Lo-till has caused grass weed and ergot problems
I have been using min cultivations for 20 years on heavy land. I have now got to the point that grass weed control is getting impossible and ergot is also a serious problem. So now I am having to go back to ploughing certain fields.
Is there any way I can avoid having to do this on the whole farm? This may not be what you want to hear, but on the bit of lighter soil I have, Ive found the plough and drill method is the most reliable and cheaper option!
Your last point first. I quite agree that on light land a fast, shallow plough can be just as cost effective a carry on!
Ergot can be encouraged by grass weeds, especially black-grass and annual meadow grass as they are also a host plant for the strain of fungus that infects wheat.
The answer is to plough to bury the sclerotia (the black bits you see in the ears) to a minimum depth of 10 cm.
I am assuming that you have a rotation which includes a break crop when I suggest that this is probably the place where you can still min till, but you MUST ensure that you control the grass weeds in this break crop.
For example, in oilseed rape use Kerb (propyzamide) plus a specific graminicide such as Laser (cycloxydim).
Ploughing down black-grass seed results in 70% control of the weed.
Our experience has shown that wherever we fail to get a decent stale seed bed (when using lo-till) the weed problems can increase. It can be for a number of reasons, many often out of your control.
1) Insufficient time between harvesting one crop and establishing the next. This theoretically can be overcome by drilling later – not always an option on heavy land.
2) Trying to cultivate too deep whilst forming a stale seed bed. Shallow surface cultivations (50mm) do not bury weed seeds so deep, fewer clods are formed, moisture is retained, and it is easier to re-consolidate thus improving the effectiveness of the stale seed bed.
3) Always spray off prior to drilling even if the weeds are very small and would appear to be destroyed by the drilling process.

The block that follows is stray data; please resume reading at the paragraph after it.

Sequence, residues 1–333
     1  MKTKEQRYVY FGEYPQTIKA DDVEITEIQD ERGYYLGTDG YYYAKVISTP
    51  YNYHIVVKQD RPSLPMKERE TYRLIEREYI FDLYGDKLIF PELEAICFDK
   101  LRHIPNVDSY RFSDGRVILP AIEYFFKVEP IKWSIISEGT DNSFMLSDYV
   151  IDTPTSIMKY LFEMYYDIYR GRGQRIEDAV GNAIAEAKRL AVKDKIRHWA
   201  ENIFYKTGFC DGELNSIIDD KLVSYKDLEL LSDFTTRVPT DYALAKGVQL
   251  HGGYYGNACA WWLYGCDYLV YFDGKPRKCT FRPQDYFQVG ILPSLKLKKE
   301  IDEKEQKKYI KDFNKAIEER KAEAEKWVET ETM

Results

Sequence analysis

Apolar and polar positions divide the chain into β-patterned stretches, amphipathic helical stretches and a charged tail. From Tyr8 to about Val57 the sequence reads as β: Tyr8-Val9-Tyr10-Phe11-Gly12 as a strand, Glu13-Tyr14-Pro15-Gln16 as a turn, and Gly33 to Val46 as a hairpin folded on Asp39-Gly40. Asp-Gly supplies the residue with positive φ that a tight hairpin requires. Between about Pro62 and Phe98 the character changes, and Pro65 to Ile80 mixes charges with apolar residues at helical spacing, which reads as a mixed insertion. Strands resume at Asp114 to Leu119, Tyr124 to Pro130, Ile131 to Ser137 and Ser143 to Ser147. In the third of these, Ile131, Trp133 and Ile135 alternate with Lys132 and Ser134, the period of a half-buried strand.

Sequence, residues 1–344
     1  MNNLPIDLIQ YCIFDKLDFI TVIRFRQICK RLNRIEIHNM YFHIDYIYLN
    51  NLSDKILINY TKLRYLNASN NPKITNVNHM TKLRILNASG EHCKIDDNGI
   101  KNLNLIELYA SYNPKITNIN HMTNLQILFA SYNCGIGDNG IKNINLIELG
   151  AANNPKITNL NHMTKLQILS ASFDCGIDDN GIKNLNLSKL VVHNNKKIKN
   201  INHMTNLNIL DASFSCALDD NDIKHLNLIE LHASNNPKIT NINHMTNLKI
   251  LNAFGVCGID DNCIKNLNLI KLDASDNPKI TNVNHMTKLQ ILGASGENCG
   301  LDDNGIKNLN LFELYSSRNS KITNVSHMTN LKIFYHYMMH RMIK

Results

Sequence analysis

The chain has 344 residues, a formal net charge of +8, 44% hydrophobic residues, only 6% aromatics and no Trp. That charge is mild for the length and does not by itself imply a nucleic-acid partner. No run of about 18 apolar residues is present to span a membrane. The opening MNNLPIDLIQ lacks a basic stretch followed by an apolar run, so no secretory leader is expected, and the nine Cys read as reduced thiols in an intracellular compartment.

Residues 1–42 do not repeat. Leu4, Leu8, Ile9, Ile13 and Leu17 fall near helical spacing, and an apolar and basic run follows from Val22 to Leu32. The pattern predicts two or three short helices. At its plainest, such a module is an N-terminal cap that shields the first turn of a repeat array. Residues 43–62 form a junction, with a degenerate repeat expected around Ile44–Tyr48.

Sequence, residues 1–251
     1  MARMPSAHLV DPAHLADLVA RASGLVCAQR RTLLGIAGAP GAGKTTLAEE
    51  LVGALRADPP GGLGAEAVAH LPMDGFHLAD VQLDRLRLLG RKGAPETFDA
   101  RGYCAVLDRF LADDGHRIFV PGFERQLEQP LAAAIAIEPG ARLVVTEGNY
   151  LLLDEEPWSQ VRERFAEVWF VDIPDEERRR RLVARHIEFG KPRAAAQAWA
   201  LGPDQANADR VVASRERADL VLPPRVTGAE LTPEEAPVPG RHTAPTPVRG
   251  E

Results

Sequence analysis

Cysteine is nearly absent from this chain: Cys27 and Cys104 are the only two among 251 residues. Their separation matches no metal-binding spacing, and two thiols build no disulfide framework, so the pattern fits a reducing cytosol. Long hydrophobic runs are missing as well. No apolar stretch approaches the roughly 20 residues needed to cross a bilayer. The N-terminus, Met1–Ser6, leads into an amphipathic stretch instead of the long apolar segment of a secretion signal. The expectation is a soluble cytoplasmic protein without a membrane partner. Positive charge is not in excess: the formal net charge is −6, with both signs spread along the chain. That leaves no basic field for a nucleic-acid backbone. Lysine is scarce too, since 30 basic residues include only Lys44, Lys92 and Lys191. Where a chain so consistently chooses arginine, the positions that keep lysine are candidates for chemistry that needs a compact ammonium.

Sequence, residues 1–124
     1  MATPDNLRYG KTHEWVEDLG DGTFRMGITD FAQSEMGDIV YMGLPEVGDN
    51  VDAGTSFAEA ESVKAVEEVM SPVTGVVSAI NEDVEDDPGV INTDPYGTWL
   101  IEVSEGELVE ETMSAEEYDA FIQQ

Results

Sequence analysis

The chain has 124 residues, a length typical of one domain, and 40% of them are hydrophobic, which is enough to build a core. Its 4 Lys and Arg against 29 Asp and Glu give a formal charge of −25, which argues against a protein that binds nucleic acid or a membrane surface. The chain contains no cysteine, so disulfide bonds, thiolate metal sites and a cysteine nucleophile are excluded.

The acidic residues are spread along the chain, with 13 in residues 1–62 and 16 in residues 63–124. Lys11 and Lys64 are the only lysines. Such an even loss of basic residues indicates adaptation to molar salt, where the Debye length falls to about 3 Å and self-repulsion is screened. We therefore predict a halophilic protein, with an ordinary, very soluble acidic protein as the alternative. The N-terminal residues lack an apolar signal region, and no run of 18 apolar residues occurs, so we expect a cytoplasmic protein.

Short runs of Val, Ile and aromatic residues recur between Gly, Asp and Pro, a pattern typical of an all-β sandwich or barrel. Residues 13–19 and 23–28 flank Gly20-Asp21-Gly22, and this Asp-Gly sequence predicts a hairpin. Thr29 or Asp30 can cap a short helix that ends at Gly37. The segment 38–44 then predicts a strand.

I fully sympathise with you – weed control IF IT GOES WRONG using a lo-till system can be more costly in herbicides and lost yield than is saved in cultivation costs.
We have concluded after our limited experience that if there is insufficient time to create an effective stale seed bed, dont even try. Plough and cultivate conventionally, or do as we do under these circumstances: direct drill.
Using a disc drill we move very little soil and as a result fewer weed seeds germinate (especially when drilling OSR).
We are seeing farmers in our part of the world investing very heavily, in expensive lo-till kit and big tractors in an attempt to get a stale seed bed.
In my opinion this defeats the object of going down the lo-till route. One should be REDUCING THE AMOUNT OF ENERGY you are putting into your system. This can sometimes be done by ploughing just a bit shallower and pressing.
This autumn we are going to look at a number of ways of improving and speeding up the stale seed bed process, including harrowing, applying nitrogen to the stubble to aid straw breakdown and grass weed emergence and finally by using cover crops.
So far as the ergot part of the question is concerned, it was a real problem for us last year (2000), but has equally been a problem in the past when everything was ploughed.
I am told effective autumn grass weed control helps to reduce their numbers…..